What an astonishing variety of plants and animals inhabit our planet. This amazing picture (just hold it up and ask a class "Can anybody here do this?") illustrates one of thousands of life's curiosities: biodiversity, the wondrous nature of behaviour, "table manners", the tongue and its properties.
Biodiversity. How many separate species live on the planet (not known exactly: could be between three and 30 million, with about 750,000 kinds of insect alone)? How do species live together (some in "antagonism", predator and prey, creatures fighting for the same food; others in a "mutual" relationship, "symbiosis", where species help each other, pollination, food-digesting bacteria)? How does the chameleon change its colour (not to match its background, a common misconception; it develops coloured pigments to reflect its mood, fear, the temperature, or light)? How do creatures catch their food (claws, teeth, web, venom, pincers, open mouth, tentacles)?
The tongue What exactly is the tongue (a network of muscles, glands and fat, covered in mucous membranes and usually anchored to the floor of the mouth)? What is it used for (tasting, squashing and lubricating food, swallowing, grooming - cats, speech)? Your tongue is important in speech, so sound out phonically letters such as l, r, s, t; notice where your tongue is for each (behind your teeth - l, near or on the roof of your mouth - r, s, t). Think of another creature that catches insects with its tongue (frog). Why do babies put things in their mouth(lips and tongue are particularly sensitive)?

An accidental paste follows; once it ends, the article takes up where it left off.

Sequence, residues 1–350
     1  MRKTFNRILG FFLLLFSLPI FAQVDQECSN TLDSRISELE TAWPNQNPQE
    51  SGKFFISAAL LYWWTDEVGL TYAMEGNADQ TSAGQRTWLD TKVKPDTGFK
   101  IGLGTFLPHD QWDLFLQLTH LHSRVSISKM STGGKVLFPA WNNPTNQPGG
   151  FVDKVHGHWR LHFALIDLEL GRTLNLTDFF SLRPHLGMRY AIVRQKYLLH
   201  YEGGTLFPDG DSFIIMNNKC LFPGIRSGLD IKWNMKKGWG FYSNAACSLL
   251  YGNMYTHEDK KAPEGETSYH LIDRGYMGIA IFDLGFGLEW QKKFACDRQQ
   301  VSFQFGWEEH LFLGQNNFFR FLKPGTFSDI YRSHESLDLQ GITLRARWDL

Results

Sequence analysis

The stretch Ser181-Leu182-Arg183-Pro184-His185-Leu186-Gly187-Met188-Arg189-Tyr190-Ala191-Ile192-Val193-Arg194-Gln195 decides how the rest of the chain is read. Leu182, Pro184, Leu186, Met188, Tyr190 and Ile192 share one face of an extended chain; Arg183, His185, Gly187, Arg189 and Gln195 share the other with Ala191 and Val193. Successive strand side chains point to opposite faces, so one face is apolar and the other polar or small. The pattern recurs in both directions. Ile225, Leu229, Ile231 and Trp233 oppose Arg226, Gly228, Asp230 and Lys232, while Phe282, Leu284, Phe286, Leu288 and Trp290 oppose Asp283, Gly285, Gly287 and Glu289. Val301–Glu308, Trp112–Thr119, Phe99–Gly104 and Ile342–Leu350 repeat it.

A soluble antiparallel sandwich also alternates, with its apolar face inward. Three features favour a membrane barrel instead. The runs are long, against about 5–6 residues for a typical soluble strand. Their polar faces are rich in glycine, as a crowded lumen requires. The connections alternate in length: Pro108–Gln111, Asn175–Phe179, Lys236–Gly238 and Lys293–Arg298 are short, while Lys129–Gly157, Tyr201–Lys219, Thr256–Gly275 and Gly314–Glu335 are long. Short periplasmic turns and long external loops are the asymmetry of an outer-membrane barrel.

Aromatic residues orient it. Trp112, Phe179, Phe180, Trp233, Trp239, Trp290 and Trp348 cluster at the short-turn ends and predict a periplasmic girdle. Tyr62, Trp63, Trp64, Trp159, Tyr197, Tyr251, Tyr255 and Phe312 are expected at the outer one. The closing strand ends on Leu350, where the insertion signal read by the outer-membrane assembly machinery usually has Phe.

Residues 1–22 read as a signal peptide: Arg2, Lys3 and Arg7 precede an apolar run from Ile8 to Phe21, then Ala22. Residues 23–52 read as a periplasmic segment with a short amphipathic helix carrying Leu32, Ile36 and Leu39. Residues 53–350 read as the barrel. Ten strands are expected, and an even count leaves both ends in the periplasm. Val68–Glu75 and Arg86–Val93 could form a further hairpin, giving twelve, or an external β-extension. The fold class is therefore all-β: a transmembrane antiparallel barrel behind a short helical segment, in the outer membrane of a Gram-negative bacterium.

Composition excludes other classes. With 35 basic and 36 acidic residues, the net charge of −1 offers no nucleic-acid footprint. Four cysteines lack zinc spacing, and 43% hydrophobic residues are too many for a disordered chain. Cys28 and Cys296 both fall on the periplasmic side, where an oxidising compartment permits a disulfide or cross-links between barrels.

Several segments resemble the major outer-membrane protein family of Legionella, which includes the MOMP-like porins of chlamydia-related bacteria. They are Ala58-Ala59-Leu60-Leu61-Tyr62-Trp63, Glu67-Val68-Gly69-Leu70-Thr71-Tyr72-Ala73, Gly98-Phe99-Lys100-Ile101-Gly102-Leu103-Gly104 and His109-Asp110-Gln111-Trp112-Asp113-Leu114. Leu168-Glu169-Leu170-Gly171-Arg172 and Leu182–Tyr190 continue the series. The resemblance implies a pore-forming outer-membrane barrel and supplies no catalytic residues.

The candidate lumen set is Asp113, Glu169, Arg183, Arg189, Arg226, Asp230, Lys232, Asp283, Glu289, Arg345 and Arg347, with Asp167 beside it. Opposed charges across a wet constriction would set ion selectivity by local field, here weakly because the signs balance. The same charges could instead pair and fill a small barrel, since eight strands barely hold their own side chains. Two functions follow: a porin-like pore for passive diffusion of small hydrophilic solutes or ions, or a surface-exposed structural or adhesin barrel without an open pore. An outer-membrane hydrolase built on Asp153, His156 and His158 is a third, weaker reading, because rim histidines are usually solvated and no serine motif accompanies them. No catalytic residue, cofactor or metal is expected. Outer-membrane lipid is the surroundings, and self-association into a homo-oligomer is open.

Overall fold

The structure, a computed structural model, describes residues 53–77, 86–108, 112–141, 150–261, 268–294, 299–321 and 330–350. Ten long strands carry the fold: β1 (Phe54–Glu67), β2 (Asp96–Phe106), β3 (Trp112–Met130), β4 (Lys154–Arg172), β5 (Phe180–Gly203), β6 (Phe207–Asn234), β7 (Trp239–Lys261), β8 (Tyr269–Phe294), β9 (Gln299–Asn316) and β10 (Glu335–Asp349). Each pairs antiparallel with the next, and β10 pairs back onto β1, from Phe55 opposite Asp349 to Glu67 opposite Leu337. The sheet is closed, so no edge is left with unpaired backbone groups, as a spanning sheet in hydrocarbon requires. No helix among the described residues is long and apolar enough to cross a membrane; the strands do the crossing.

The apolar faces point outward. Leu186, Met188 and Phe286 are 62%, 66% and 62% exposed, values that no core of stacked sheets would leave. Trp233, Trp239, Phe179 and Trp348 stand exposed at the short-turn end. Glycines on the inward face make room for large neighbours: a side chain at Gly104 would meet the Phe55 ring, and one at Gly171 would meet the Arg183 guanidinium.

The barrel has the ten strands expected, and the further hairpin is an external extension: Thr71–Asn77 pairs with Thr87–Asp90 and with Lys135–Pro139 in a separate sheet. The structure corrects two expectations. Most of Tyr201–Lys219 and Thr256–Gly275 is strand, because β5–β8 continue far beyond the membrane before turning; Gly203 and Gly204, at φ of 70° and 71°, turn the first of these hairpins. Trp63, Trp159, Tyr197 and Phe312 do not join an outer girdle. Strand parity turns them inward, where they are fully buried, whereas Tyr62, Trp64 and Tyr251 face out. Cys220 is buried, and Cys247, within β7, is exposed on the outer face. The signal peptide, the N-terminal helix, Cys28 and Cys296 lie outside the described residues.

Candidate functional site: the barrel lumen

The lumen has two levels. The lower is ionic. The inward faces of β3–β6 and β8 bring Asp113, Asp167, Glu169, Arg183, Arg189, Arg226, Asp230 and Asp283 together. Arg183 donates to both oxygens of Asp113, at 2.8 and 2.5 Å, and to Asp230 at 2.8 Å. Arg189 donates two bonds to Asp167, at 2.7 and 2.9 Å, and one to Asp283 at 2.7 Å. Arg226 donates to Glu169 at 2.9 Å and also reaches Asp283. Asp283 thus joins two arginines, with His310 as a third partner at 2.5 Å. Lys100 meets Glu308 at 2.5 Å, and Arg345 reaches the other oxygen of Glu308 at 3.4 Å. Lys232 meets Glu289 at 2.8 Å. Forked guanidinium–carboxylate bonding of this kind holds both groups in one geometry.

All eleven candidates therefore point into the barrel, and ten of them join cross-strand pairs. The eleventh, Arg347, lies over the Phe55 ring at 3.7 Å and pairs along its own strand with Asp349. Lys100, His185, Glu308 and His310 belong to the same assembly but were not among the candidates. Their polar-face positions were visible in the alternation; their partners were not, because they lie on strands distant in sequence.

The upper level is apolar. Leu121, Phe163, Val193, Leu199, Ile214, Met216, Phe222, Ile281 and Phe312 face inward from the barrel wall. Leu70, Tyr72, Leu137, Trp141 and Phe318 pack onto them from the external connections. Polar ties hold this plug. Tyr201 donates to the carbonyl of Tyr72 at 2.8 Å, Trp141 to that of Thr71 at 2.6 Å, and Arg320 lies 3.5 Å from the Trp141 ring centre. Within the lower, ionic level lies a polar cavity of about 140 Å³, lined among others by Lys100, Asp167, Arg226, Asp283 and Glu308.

Writing. (a) Pretend you are a biologist studying predators and describe your observation of the chameleon watching and then catching its prey; (b) write a funny caption or speech bubble for the picture (chameleon: "I got this free with my comic"; insect: "Don't you know that sticking out your tongue is rude?").
Ted's talking points
What would happen if you reached across the table and grabbed some food like this chameleon? Would you get a slapped hand? Are "table manners" and "correct" etiquette a good thing?
For. We need a proper code of conduct. Good manners are based on common sense and respect for others. If you eat peas with your knife you might cut yourself; if everybody grabbed food at meals it would be chaos. You let someone go through the door before you to avoid injury, you give up your seat on a bus for a mother with a child to help her. Without good manners life would be brutal, as in the wild. We would be no better than animals.
Against. "Manners" and "etiquette" are forms of snobbery. Who cares whether you eat peas with a fork or a spoon? These are middle-class conventions that get imposed on children, mostly for no good reason. They are also relics of a bygone age, like walking on the right of a woman so your sword arm is free. Just encourage common sense and respect. That will produce good behaviour without any precious and inflexible rules.
Ted Wragg is professor of education at the University of Exeter.